New Toronto Maple Leafs general manager Dave Nonis has been content to leave his goaltending tandem untouched through the first quarter of the season but the recent knee injury to James Reimer might force him to change his approach.
With the Leafs off to a solid start to the campaign and given the critical need for that franchise to reach the postseason for the first time since 2004, it's hard to imagine Nonis is comfortable with sitting back and leaving the fate of his club even in the short-term in the hands of 26-year-old Ben Scrivens, who has all of 17 games worth of NHL experience on his resume.
Even if Reimer's setback is short-term as the team believes it will be, the Leafs have to be seriously considering making a move for insurance purposes given Reimer's recent history with injuries.
Reimer, now in his third season at the NHL level, missed a significant chunk of games midseason last year with a concussion and then had to contend with a neck issue that kept him out toward the end of the campaign.
Toronto has long been thought to be in the market for a new number one netminder with most of the rumors surrounding current Vancouver Canucks goalie Roberto Luongo, a player that the Leafs were believed to be heavily pursuing during the extended offseason.
Those rumors have understandably died down with the Leafs off to a good start thanks in large part to Reimer, who is responsible for six of his team's eight wins and has so far produced career-best numbers in goals-against-average (2.31) and save percentage (.929).
The fact the Canucks are off to a good start of their own and seemingly have no issues for the time being rotating starts between Luongo and Cory Schneider has also contributed to the lack of trade talks.
Reimer's strong play this season might be enough to dissuade the Leafs from making any more advances towards the Canucks for the services of Luongo given the fact that adding the Canadian Olympic gold medalist to their lineup would essentially spell the end of Reimer's career in Toronto. At the same time, it's also increasingly unlikely the Leafs have the parts to make a serious run at Luongo. The Canucks had been rumored to be interested in Toronto center Tyler Bozak but the imminent return of Ryan Kesler coupled with the recent strong play of rookie Jordan Schroeder greatly diminishes their need for a center in return.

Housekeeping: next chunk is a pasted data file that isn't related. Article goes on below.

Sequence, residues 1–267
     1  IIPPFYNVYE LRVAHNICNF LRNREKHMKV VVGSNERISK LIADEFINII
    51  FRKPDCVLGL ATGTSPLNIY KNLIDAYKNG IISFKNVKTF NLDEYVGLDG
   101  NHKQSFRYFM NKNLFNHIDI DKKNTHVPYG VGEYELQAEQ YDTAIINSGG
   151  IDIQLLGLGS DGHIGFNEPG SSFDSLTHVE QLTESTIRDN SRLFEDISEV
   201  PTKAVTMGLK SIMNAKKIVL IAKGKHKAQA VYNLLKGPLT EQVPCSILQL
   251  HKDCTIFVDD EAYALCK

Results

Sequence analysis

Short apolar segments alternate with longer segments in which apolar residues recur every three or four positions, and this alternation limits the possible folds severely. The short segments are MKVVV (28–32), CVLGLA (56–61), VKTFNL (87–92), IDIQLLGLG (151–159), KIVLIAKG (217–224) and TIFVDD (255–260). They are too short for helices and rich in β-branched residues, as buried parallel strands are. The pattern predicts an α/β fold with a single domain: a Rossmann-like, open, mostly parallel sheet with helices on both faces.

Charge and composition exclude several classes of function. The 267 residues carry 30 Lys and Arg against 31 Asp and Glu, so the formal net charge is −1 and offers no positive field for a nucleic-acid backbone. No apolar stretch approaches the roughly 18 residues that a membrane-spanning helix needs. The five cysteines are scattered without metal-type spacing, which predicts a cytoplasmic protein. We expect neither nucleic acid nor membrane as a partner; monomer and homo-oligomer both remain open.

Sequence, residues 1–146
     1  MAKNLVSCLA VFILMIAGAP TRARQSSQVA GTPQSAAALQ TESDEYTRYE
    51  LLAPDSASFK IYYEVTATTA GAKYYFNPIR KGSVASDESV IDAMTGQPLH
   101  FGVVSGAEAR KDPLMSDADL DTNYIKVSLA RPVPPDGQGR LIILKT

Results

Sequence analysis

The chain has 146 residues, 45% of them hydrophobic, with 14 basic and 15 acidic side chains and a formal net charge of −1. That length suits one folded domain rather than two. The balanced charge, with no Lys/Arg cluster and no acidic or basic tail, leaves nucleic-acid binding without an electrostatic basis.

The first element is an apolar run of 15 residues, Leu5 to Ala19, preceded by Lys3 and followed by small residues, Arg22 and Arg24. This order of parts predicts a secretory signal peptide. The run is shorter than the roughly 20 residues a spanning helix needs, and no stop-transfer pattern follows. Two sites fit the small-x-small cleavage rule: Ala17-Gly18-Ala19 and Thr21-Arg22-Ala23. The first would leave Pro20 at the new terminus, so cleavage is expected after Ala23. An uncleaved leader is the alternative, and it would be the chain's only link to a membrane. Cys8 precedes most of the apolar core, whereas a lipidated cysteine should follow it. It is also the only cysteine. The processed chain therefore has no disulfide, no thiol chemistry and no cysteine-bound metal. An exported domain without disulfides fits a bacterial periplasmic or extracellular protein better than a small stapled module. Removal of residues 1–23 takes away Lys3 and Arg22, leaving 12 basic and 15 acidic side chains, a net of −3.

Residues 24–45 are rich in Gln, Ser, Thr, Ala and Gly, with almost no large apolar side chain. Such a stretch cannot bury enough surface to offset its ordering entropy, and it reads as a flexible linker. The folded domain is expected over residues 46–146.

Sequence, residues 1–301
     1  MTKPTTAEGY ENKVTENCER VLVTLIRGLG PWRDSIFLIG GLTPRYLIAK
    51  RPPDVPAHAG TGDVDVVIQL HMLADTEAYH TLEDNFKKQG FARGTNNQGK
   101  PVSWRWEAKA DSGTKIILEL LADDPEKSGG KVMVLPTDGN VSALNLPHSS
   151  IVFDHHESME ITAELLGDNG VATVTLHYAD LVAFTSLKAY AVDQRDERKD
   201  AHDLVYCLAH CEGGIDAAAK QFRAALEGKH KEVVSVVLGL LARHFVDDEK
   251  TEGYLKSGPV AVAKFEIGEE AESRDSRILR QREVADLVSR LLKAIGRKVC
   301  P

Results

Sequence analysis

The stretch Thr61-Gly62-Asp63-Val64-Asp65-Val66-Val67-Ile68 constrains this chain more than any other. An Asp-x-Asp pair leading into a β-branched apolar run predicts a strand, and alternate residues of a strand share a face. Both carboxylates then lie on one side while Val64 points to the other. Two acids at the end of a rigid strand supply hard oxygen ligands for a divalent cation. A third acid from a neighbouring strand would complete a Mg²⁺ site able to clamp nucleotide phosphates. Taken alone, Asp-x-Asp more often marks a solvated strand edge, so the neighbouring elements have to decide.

Kings' backup netminder, 24-year-old Jonathan Bernier, is another name that has been bandied about in Toronto as a potential trade target and makes more sense for the Leafs than Luongo since he'd likely be brought in to work in tandem alongside Reimer as opposed to just usurp the number one role as Luongo would.
Bernier, however, would likely fetch a price even greater than Luongo's given his age and friendlier contract status.
There may also be some interest in bringing in a capable veteran who could take over the reins if needed although their lack of success the last few years with that set up (see Curtis Joseph or Jean-Sebastien Giguere) would probably preclude them from heading back down that path.
The asking price for goalies currently available will have an effect on the direction that Nonis ultimately decides to take but it's clear that the one thing the Leafs GM cannot afford to do is maintain the status quo especially seeing as how Toronto could be just one Reimer slump or injury away from missing the playoffs for an eighth consecutive season.
Nonis' phone might have been largely dormant for the opening month of the season as far as goaltending talks are concerned but this current injury to Reimer might just be the wake-up call that the Leafs GM needs to finally address their situation in the crease once and for all.